In our study, only 24% of VAP cases were given empiric therapy congruent with the 2008 AMMI guidelines. The largest source of noncongruence, found in 58% of noncongruent cases, was failure to initiate two antipseudomonal agents in cases where this is indicated by AMMI guidelines (Appendix B). Other studies have also identified noncongruence with existing practice guidelines for antimicrobial therapy for nosocomial pneumonia, the most commonly reported reason for noncompliance similarly being failure to use secondary Gram negative agents [24, 26]. Although many practice guidelines suggest using a combination of two or more antibiotics to reduce risks of neglecting potentially resistant pathogens in at-risk patients [4, 6], these guidelines do not generally reflect the heterogeneity of local culture and susceptibility patterns. Our study disclosed no outcome differences between patients provided with empiric antibiotic therapy compliant with AMMI guidelines versus those noncompliant with guidelines. This is consistent with a recent retrospective study comparing VAP patient outcomes relative to compliance with American and Japanese VAP treatment guidelines . Such data suggests limitations to the role of generalized guidelines in solely directing local therapy for VAP.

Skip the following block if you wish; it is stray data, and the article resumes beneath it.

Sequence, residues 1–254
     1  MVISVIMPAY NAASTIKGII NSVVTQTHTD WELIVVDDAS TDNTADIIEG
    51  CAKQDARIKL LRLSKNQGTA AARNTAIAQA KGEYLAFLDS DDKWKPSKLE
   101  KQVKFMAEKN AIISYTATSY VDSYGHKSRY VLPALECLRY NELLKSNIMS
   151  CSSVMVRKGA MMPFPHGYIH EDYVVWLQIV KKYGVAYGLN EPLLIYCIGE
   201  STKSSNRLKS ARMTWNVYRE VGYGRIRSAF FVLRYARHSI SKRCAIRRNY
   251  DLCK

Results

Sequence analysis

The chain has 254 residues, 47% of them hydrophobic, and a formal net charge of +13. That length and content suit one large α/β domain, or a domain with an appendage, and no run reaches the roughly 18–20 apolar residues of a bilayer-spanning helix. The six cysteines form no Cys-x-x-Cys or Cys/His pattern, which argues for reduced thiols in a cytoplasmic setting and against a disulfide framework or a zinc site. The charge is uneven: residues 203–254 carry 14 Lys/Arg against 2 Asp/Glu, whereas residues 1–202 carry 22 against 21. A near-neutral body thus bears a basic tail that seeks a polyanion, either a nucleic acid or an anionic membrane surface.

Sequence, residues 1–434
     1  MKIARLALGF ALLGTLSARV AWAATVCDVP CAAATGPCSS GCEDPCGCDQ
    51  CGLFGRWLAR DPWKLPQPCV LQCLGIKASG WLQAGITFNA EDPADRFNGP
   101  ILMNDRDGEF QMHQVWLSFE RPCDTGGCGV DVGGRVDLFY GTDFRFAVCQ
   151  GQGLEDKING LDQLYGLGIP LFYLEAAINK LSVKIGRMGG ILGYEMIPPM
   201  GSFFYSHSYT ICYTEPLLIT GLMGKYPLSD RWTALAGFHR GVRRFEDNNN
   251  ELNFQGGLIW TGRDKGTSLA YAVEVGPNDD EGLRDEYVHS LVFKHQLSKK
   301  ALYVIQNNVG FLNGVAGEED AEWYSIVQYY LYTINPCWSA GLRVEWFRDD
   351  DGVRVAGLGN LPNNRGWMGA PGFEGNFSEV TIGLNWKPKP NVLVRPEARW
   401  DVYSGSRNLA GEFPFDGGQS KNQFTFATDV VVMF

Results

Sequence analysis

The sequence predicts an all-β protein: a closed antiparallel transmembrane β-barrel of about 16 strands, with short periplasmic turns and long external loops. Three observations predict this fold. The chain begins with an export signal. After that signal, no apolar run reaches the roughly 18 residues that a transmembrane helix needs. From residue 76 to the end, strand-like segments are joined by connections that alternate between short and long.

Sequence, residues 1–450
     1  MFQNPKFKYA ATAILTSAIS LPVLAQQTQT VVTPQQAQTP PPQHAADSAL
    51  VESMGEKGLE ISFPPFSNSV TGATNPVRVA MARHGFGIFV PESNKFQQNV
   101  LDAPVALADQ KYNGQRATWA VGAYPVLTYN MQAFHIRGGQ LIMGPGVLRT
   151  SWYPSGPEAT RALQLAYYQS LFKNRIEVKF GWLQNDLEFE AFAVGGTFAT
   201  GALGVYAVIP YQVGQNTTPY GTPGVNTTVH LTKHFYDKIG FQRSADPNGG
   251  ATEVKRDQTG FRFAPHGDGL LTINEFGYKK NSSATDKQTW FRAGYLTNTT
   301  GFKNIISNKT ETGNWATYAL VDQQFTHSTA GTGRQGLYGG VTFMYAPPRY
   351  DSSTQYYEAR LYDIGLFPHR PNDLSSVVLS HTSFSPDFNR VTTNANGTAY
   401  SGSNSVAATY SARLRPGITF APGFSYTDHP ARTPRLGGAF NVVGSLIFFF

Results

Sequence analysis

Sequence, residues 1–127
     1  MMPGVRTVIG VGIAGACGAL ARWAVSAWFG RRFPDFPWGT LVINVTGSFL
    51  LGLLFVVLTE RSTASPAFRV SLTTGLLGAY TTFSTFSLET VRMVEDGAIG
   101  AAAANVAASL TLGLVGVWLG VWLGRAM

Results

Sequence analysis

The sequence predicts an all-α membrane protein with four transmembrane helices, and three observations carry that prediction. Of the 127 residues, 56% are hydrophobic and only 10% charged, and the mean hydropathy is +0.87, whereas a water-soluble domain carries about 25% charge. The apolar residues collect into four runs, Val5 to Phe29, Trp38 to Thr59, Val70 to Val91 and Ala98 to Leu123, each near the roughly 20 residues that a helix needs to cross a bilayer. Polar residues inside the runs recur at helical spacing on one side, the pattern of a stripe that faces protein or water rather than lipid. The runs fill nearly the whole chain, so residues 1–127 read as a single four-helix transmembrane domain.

Inadequate duration of antibiotic therapy may not sufficiently treat an infection and may result in relapse; however, antibiotics of extended duration may increase chances of antibiotic toxicity, acquisition of multidrug resistant bacterial and/or fungal infections, and higher drug expenditures [4, 19, 27]. Chastre et al. demonstrated that 8 (versus 15) days of antibiotic therapy for VAP did not result in adverse outcomes in terms of mortality, length of ICU stay, and rate of recurrent infections , findings corroborated by others [11, 16]. Our study found no significant outcome differences for patients with Group I pathogens over strata of antibiotic durations. Associations were harder to assess for Group II pathogens because of the limited sample size ().